Ketamine, one of a group of dissociative-type hallucinogens, produces “out-of-body” experiences that leave users in an incapacitated state. According to the National Institute on Drug Abuse, these effects stem from ketamine’s ability to change how the brain processes sensory information. These same effects also drive the ketamine addiction cycle, which can slowly, but surely ruin a person’s life.
Ketamine Addiction Effects
A ketamine “high” results from the drug’s ability to alter glutamate neurotransmitter levels in the brain. Under normal conditions, glutamate works to coordinate communications between the brain and body in terms of relaying sensory information. Ketamine effects block the production of glutamate, which in turn shuts down any sensory information coming from the body to the brain.
Ketamine also produces intense, short-term effects that tend to leave users wanting more. For this reason, regular ketamine users eventually start engaging in bingeing behaviors, ingesting multiple doses of the drug at a time. This practice sets the stage for the ketamine addiction cycle to take shape.
Once addicted, a person comes to depend on ketamine’s “high” effect to cope with everyday life stressors. Ultimately, a psychological dependence has formed once ketamine addiction takes hold.
With ketamine addiction, a person uses the drug on a frequent basis. With each drug dose, the brain’s chemical system undergoes radical changes, which take a toll on the brain cells that produce neurotransmitter materials.
Over time, brain cells undergo structural damage leaving them unable to regulate bodily processes as normal. Before long, a person starts to experience functional impairments as major systems in the body start to break down.
Functional impairments may take the form of:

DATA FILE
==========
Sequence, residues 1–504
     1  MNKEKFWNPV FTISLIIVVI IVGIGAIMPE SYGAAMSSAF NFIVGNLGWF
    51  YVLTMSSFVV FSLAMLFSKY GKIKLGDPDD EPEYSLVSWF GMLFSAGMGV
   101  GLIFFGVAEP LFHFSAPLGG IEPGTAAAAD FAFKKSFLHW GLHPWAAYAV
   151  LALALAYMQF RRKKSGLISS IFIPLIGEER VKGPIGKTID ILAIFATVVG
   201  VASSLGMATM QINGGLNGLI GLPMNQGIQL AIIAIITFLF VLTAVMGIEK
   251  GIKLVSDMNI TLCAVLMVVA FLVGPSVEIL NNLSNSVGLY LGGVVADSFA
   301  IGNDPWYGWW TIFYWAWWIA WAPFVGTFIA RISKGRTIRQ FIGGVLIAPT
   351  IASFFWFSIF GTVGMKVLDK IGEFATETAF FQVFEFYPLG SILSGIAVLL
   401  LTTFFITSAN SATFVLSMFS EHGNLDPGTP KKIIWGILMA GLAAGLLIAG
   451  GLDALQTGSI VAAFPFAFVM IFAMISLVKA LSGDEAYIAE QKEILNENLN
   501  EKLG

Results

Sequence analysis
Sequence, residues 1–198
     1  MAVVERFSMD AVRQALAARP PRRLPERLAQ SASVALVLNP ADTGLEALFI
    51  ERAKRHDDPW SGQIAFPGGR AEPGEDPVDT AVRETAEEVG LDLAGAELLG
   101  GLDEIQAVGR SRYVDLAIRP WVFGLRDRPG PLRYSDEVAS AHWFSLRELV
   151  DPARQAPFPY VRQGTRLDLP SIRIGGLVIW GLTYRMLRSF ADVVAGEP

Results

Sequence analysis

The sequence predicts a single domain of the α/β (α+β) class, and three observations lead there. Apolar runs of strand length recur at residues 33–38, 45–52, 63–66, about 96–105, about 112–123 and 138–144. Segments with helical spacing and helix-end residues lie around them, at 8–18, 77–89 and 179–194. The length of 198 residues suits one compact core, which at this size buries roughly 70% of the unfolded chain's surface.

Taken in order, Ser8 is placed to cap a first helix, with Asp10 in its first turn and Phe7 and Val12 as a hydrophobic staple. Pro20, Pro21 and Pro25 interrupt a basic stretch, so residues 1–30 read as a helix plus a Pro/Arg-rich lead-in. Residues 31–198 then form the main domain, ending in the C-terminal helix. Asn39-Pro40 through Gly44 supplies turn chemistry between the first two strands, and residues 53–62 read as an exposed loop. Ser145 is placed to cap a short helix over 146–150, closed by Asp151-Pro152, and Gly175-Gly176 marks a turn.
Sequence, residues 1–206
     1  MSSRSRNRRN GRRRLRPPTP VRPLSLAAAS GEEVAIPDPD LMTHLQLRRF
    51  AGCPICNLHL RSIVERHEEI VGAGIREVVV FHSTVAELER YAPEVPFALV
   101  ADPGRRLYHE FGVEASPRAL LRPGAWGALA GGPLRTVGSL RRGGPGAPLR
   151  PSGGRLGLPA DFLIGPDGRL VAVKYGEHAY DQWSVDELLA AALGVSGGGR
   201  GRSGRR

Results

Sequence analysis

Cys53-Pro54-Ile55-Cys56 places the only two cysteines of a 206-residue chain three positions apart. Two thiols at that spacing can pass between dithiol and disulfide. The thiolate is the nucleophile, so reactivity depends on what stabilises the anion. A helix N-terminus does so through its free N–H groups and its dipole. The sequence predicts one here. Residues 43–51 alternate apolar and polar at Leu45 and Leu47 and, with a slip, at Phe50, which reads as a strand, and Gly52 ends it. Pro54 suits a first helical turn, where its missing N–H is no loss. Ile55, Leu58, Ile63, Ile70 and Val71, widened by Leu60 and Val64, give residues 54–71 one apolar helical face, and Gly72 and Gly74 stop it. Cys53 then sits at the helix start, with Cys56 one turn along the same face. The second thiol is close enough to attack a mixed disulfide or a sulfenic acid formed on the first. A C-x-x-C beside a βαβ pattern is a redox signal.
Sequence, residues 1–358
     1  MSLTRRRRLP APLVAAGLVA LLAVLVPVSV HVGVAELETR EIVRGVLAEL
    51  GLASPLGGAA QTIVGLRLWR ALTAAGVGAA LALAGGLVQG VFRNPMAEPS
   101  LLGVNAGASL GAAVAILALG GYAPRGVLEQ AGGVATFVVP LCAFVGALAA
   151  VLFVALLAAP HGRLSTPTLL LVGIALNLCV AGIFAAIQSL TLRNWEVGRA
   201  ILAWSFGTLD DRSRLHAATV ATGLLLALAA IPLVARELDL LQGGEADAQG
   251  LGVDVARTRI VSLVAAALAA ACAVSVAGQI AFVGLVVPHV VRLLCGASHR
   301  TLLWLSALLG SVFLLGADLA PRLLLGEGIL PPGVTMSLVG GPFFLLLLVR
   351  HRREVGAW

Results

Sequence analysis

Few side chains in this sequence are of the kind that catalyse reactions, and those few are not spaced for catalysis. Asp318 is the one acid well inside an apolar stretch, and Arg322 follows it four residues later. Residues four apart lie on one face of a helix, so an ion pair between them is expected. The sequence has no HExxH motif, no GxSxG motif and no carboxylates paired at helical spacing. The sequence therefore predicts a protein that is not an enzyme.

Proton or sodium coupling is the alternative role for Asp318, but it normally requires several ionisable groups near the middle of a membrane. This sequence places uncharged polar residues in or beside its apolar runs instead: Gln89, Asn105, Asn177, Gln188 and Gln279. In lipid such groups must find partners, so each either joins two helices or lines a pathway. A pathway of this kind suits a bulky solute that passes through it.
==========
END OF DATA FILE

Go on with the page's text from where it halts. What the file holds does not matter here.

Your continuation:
- Problems communicating
- Motor coordination difficulties
- Inability to concentrate or attend to tasks
- Diminished learning capacity
- Loss of impulse control
The brain chemical imbalances brought on by ketamine addiction inevitably impair a person’s psychological well-being. In effect, these imbalances create a disease-like chemical environment in the brain. The greater the chemical imbalance the more brain functions come to rely on ketamine effects.
Psychological problems associated with ketamine addiction include:
- High levels of anxiety
- Depression symptoms
- Feelings of rage
As users engage in ketamine abuse to experience the “high” effects of the drug, they come to rely on these effects as means for coping with everyday life. In the process, users develop a psychological dependency on the drug.
In effect, psychological dependency lies at the center of a ketamine addiction, according to Bryn Mawr College. Once a person comes to believe he or she needs the drug to manage daily life affairs, getting and using ketamine takes precedence over all other daily obligations.
Drastic changes in overall life outlook and behaviors most characterize the impact ketamine addiction has in a person’s life. As with all forms of addiction, an addiction to ketamine alters a person’s mindset to the point where he or she is willing to sacrifice friends, family and job in order to support ongoing drug use. Ultimately, it’s the lifestyle changes brought about by ketamine abuse that ruin a person’s life.